When the manager spins this new wheel, the actual demand for PCs will be determined by a number. For example, if the number 71 comes up on a spin, the demand is 2 PCs per week; the number 30 indicates a demand of 1. Because the manager does not know which number will come up prior to the spin and there is an equal chance of any of the 100 numbers occurring, the numbers occur at random; that is, they are random numbers .
Obviously, it is not generally practical to generate weekly demand for PCs by spinning a wheel. Alternatively, the process of spinning a wheel can be replicated by using random numbers alone.
First, we will transfer the ranges of random numbers for each demand value from the roulette wheel to a table, as in Table 14.2. Next, instead of spinning the wheel to get a random number, we will select a random number from Table 14.3, which is referred to as a random number table . (These random numbers have been generated by computer so that they are all equally likely to occur , just as if we had spun a wheel. The development of random numbers is discussed in more detail later in this chapter.) As an example, let us select the number 39, the first entry in Table 14.3. Looking again at Table 14.2, we can see that the random number 39 falls in the range 2059, which corresponds to a weekly demand of 1 laptop PC.
Table 14.2. Generating demand from random numbers
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Table 14.3. Random number table
Random numbers are equally likely to occur .
By repeating this process of selecting random numbers from Table 14.3 (starting anywhere in the table and moving in any direction but not repeating the same sequence) and then determining weekly demand from the random number, we can simulate demand for a period of time. For example, Table 14.4 shows demand for a period of 15 consecutive weeks.
Table 14.4. Randomly generated demand for 15 weeks
From Table 14.4 the manager can compute the estimated average weekly demand and revenue:
The manager can then use this information to help determine the number of PCs to order each week.
Although this example is convenient for illustrating how simulation works, the average demand could have more appropriately been calculated analytically using the formula for expected value. The expected value or average for weekly demand can be computed analytically from the probability distribution, P ( x ):
Simulation results will not equal analytical results unless enough trials of the simulation have been conducted to reach steady state .
The analytical result of 1.5 PCs is close to the simulated result of 2.07 PCs, but clearly there is some difference. The margin of difference (0.57 PCs) between the simulated value and the analytical value is a result of the number of periods over which the simulation was conducted. The results of any simulation study are subject to the number of times the simulation occurred (i.e., the number of trials ). Thus, the more periods for which the simulation is conducted, the more accurate the result. For example, if demand were simulated for 1,000 weeks, in all likelihood an average value exactly equal to the analytical value (1.5 laptop PCs per week) would result.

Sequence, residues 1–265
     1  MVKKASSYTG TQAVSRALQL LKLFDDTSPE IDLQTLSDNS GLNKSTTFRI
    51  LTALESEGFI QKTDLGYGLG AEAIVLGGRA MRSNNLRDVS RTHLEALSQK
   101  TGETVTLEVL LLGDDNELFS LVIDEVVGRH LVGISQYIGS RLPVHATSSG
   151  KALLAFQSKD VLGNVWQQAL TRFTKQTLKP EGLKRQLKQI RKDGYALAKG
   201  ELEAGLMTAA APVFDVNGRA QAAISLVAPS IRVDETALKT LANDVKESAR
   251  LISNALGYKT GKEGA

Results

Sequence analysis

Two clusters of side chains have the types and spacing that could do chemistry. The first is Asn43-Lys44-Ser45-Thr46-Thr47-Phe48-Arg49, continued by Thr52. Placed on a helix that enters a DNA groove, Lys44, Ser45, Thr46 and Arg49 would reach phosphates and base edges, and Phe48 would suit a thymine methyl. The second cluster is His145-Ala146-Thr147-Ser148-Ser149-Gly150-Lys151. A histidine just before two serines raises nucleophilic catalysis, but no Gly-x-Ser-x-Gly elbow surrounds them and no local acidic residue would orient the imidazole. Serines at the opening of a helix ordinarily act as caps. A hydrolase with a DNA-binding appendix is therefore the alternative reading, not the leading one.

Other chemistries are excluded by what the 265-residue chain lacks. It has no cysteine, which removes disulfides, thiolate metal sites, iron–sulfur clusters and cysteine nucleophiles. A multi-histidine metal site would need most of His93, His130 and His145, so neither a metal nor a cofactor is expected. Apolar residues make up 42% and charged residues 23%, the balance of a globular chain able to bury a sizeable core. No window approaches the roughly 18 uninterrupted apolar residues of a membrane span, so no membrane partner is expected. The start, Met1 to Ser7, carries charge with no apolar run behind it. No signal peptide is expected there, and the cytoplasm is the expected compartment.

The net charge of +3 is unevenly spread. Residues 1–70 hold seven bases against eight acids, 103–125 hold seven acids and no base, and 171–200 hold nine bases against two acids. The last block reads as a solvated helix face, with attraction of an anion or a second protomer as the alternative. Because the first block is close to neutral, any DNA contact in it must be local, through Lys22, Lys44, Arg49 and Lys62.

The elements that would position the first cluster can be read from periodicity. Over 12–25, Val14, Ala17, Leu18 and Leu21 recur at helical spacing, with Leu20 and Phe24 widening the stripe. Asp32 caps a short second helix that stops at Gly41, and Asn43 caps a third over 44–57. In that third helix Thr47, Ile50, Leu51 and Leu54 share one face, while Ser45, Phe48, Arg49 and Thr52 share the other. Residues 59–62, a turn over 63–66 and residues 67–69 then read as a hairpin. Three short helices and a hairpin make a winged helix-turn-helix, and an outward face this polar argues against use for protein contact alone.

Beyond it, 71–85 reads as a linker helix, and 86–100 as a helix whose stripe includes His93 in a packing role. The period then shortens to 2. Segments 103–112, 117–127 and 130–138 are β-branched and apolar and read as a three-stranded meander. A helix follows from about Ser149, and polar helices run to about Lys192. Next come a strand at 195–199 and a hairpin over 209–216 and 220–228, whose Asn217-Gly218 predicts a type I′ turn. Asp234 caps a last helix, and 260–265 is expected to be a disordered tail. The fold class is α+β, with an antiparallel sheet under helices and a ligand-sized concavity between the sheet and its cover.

Once a simulation has been repeated enough times that it reaches an average result that remains constant, this result is analogous to the steady-state result, a concept we discussed previously in our presentation of queuing. For this example, 1.5 PCs is the long-run average or steady-state result, but we have seen that the simulation might have to be repeated more than 15 times (i.e., weeks) before this result is reached.
Comparing our simulated result with the analytical (expected value) result for this example points out one of the problems that can occur with simulation. It is often difficult to validate the results of a simulation modelthat is, to make sure that the true steady-state average result has been reached. In this case we were able to compare the simulated result with the expected value (which is the true steady-state result), and we found there was a slight difference. We logically deduced that the 15 trials of the simulation were not sufficient to determine the steady-state average. However, simulation most often is employed whenever analytical analysis is not possible (this is one of the reasons that simulation is generally useful). In these cases, there is no analytical standard of comparison, and validation of the results becomes more difficult. We will discuss this problem of validation in more detail later in the chapter.
It is often difficult to validate that the results of a simulation truly replicate reality .